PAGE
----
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Research Spotlight: Dongho Kim

Q & A with Dongho Kim, Assistant Professor in the School of Teaching and Learning

What basic questions does your research seek to answer?

My research has been situated at the intersection of educational technology, learning science, and learning analytics. I have sought to enhance teaching and learning in a variety of technology-enhanced learning environments through data-driven research. Thanks to great advances in educational technology, it is increasingly important to leverage various types of educational data for supporting educators and students in a pedagogically appropriate way. My research has focused on leveraging multimodal data analytics for the design, development, and evaluation of technology-enhanced learning environments that support learners with diverse needs. For example, one of my projects focuses on developing a personalized learning environment based on students’ online learning patterns and their learning progress over time.

What makes your work interesting?

Learning analytics and educational data mining are the main approaches that I have taken to obtain an in-depth understanding of learners and their learning processes. I have tried to discover knowledge through using multimodal data such as log records, physiological responses, and texts. The use of multimodal data helps me see educational phenomena from a balanced perspective as well as obtain new insights that have not been empirically evidenced with conventional data (e.g., survey responses). Furthermore, many of my research projects involve interdisciplinary collaboration with researchers from different fields and I have enjoyed working with them to find solutions to many educational problems. The collaborative nature of my projects also makes my work interesting.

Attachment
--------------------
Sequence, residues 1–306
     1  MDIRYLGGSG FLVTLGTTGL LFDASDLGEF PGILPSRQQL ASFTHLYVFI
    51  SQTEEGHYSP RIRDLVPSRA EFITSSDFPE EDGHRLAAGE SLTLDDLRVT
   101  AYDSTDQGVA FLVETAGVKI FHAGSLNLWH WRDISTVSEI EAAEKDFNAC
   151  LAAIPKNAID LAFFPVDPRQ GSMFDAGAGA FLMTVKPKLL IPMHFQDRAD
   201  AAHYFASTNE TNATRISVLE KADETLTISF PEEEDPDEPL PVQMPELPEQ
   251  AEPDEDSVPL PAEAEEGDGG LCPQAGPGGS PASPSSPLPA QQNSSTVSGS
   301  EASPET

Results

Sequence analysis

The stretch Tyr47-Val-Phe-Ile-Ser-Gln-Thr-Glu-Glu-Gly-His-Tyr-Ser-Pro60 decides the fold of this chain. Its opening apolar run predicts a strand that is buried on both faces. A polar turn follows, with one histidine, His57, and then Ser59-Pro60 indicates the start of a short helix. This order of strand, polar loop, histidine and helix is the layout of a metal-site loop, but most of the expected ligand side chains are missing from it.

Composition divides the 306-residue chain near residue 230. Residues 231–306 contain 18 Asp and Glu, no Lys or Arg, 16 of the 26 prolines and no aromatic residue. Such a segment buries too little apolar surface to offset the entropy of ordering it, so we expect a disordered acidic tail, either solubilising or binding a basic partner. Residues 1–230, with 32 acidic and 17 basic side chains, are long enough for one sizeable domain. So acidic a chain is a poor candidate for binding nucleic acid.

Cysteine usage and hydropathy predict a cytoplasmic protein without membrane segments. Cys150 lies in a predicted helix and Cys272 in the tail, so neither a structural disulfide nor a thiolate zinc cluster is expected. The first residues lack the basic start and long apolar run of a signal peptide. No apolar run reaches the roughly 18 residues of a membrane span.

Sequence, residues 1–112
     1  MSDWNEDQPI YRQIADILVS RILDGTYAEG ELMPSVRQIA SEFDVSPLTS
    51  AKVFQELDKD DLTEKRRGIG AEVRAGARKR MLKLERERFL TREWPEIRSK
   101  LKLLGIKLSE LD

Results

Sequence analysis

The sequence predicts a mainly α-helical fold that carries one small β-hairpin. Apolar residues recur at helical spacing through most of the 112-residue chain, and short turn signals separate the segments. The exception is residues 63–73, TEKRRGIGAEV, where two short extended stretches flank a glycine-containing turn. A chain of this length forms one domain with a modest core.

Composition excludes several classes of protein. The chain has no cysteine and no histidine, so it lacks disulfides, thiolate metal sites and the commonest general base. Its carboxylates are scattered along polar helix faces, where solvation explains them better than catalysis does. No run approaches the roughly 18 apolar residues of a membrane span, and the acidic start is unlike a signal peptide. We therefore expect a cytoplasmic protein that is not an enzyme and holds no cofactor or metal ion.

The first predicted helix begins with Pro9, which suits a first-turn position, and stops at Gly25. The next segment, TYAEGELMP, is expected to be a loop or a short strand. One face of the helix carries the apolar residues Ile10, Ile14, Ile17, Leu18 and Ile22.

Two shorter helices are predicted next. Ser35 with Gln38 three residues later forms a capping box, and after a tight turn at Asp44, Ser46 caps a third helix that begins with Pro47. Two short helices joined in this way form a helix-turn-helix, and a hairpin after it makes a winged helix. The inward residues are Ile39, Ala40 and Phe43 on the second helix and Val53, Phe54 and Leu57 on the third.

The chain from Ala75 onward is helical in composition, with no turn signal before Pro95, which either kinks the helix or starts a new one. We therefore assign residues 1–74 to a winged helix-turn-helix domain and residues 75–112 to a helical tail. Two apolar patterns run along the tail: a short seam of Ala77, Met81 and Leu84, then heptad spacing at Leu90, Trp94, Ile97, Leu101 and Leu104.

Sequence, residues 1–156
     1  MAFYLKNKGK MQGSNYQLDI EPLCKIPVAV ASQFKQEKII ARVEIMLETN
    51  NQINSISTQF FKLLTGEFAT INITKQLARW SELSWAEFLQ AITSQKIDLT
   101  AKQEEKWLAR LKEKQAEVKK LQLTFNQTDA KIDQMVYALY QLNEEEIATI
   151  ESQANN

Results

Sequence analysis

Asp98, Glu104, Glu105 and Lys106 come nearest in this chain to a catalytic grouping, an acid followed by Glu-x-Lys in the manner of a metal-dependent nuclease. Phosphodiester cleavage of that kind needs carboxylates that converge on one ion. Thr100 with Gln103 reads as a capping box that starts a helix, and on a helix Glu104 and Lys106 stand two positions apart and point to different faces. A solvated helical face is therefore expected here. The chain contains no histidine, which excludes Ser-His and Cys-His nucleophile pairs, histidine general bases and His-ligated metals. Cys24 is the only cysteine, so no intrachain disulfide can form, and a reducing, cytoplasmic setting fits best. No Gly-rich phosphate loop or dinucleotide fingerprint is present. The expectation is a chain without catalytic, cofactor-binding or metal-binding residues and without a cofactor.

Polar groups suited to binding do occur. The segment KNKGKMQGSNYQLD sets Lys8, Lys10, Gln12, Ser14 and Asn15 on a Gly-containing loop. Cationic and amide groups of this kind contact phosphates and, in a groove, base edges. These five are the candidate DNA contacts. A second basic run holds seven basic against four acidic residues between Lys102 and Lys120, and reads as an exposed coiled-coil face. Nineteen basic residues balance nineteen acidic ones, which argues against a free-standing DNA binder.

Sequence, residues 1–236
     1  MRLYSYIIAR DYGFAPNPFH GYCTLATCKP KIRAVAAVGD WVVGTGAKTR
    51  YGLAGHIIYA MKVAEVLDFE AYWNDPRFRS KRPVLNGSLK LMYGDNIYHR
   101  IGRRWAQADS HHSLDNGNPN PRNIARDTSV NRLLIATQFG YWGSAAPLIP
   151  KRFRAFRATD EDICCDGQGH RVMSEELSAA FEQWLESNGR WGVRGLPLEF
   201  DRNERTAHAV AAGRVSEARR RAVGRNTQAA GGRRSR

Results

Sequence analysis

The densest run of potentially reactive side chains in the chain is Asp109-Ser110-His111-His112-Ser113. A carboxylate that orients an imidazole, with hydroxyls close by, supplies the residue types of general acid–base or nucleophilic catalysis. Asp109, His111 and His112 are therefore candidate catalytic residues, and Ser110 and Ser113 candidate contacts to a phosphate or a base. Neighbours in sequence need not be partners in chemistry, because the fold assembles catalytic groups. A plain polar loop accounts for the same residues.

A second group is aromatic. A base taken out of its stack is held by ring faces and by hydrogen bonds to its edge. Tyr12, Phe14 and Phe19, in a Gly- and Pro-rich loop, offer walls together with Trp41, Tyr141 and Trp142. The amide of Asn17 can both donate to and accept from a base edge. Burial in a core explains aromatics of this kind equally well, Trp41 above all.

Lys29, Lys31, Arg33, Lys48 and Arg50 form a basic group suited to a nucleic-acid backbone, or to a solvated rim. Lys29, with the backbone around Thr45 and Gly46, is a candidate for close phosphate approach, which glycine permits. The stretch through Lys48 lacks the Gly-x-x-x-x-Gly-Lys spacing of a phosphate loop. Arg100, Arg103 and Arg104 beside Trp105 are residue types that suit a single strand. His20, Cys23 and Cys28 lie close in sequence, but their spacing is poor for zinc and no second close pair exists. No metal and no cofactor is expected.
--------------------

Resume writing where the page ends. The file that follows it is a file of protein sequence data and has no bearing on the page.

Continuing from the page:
What are you currently working on?

I am currently working on numerous projects involving the use of learning analytics. One of the projects is aimed at analyzing college students’ collaborative learning patterns in a virtual reality-supported biology course. I am also working with Florida Virtual School to examine high school students’ self-regulated learning strategies for the purpose of improving their learning at the virtual school. My other project is funded by the Institute of Education Sciences and titled “The Virtual Learning Lab” in which I am serving as key personnel to evaluate and improve Algebra Nation, a self-paced online learning platform. In the multi-institutional collaborative project, I have had opportunities to work with many experts from different fields and backgrounds and learned about their perspectives on educational problems.